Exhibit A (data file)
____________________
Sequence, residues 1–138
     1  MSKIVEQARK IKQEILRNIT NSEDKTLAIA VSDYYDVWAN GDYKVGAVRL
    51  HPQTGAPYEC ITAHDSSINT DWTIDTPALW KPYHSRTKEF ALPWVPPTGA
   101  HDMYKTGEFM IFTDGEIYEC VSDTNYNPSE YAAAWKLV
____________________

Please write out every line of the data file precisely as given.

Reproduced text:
Sequence, residues 1–138
     1  MSKIVEQARK IKQEILRNIT NSEDKTLAIA VSDYYDVWAN GDYKVGAVRL
    51  HPQTGAPYEC ITAHDSSINT DWTIDTPALW KPYHSRTKEF ALPWVPPTGA
   101  HDMYKTGEFM IFTDGEIYEC VSDTNYNPSE YAAAWKLV